Celebrant-led funerals are on the increase. Whilst church and religious funerals are still right for many, they are no longer the only option. For those who are not religious or for whom a church or religious service wouldn’t feel fitting, there is now more choice when it comes to saying farewell. We spoke to Jane Blackman, Humanist Celebrant, who shared some of the reasons why more people are choosing a celebrant led funeral, and what to consider if you’re planning one.
What appeals most about celebrant ceremonies is that they offer a much more personalised service. With a celebrant, there is no ‘set script’ or ‘rules’ about what should be said or what must not be included. A celebrant service gives a great deal of freedom and flexibility; honouring the person who has died in a way that feels ‘right’ for them and their family.
Choosing the right celebrant
The two main categories of celebrant are Humanist and Independent, although others such as Pagan and Civil exist too.
This group are highly trained and accredited, affiliated to Humanists UK. Humanist celebrants have no religious belief and will lead non-religious and very personalised ceremonies centred around the person they are created for. Most will provide an all-inclusive service, welcoming and respecting everyone, no matter whether they have religious faith or none, and are happy to include a moment of quiet reflection to accommodate those with a religious belief who may wish to spend a little time in private prayer. If the person who has died was not a churchgoer (even if they had some sort of ‘belief’) then a Humanist ceremony will very likely be fitting. It will focus on a person’s life, personality, the things that were important to them including their loves and passions to tell their ‘story’.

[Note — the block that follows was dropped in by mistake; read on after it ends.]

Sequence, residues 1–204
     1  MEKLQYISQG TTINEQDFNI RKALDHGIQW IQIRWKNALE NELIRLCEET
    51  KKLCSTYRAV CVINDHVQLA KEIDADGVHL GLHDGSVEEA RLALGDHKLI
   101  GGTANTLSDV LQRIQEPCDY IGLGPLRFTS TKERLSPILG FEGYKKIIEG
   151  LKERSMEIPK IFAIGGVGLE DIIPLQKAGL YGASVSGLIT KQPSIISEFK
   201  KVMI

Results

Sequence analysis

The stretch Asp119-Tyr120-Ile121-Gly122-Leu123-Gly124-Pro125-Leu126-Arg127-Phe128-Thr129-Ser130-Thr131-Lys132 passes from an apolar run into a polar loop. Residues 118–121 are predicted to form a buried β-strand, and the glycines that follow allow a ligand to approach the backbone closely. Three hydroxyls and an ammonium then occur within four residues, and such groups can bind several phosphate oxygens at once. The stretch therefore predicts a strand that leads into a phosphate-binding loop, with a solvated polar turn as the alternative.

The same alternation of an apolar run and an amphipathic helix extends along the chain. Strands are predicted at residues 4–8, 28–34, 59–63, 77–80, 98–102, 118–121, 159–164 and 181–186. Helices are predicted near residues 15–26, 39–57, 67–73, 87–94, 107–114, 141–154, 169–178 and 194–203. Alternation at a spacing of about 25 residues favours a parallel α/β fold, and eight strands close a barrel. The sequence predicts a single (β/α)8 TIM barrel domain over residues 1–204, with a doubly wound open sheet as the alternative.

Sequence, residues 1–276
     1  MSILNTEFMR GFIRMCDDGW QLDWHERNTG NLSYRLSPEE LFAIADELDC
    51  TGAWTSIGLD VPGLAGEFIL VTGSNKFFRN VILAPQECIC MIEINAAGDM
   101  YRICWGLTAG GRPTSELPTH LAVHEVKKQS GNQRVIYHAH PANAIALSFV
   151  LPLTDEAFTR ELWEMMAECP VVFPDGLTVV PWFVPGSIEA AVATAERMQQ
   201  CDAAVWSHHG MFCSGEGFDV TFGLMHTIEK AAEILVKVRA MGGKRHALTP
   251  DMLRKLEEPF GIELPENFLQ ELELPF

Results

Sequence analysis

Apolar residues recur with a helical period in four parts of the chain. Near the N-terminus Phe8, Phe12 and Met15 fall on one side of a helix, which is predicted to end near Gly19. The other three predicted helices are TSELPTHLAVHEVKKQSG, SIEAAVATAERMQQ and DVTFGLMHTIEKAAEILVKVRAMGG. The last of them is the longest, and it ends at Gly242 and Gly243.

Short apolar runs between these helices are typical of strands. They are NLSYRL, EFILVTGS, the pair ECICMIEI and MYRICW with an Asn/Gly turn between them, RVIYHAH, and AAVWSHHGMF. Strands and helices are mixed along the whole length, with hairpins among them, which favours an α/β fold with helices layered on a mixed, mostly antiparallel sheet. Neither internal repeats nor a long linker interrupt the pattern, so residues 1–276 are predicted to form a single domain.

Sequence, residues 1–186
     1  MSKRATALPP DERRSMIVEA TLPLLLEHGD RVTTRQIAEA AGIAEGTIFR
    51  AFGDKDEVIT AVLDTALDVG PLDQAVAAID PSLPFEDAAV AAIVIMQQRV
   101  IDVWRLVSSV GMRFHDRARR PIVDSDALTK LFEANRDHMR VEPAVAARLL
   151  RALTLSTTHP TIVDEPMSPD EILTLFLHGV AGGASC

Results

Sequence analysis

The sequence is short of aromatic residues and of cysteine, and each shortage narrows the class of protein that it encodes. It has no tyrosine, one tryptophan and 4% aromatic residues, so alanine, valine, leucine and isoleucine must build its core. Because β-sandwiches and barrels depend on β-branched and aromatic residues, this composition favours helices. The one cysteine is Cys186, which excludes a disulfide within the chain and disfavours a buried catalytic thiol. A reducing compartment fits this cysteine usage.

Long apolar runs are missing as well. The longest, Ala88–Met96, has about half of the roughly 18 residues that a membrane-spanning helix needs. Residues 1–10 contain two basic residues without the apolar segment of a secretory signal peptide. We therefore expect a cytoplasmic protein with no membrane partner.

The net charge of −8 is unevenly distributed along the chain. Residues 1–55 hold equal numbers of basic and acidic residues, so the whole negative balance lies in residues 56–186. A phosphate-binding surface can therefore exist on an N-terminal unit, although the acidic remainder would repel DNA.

It’s important to note that the vast majority of Humanist celebrants won’t veto religious content. If a family wishes to include a hymn (for the sake of tradition or fond memories) or a reading that includes religious words (such angels or heaven) then it’s certainly possible as long as it’s not an ‘act of worship’.
Independent celebrants are likely to feel very comfortable leading an ‘act of worship’ as well as offering a personalised and bespoke ceremony. Many independent celebrants have religious faith themselves and will accommodate prayers, psalms and bible readings. There are also those with no religious belief who are still happy to lead a prayer – it’s always just best to ask. These celebrants don’t have to have specific training, qualification or accreditation, although many do choose to train.
Celebrants naturally vary in their style and personality – and come from all walks of life. They have a vast array of life experiences, skills, beliefs and backgrounds and there are a growing number to choose from. Finding a celebrant that you feel very comfortable with is always the best first step!
What’s involved when arranging a service with a celebrant?
If you’re working with a funeral director, they will typically have a list of celebrants they regularly work with and recommend. If you’d like to choose a celebrant yourself, you can – a quick online search will show those in your area. It’s fine to research, contact, chat with and decide on the celebrant that feels best for you and your situation and any good funeral director will be supportive. Most celebrants are likely to be happy to take the time to speak to anyone considering a celebrant ceremony with no obligation, to answer any questions and to see if there’s a ‘good fit’.
Once your celebrant is chosen, it’s important to arrange a planning meeting or phone call. In Jane’s opinion it’s always best to meet face to face, if distance and time allows, as it helps to share all the information needed to create a very personalised and meaningful ceremony that reflects the person, sensitively and fittingly.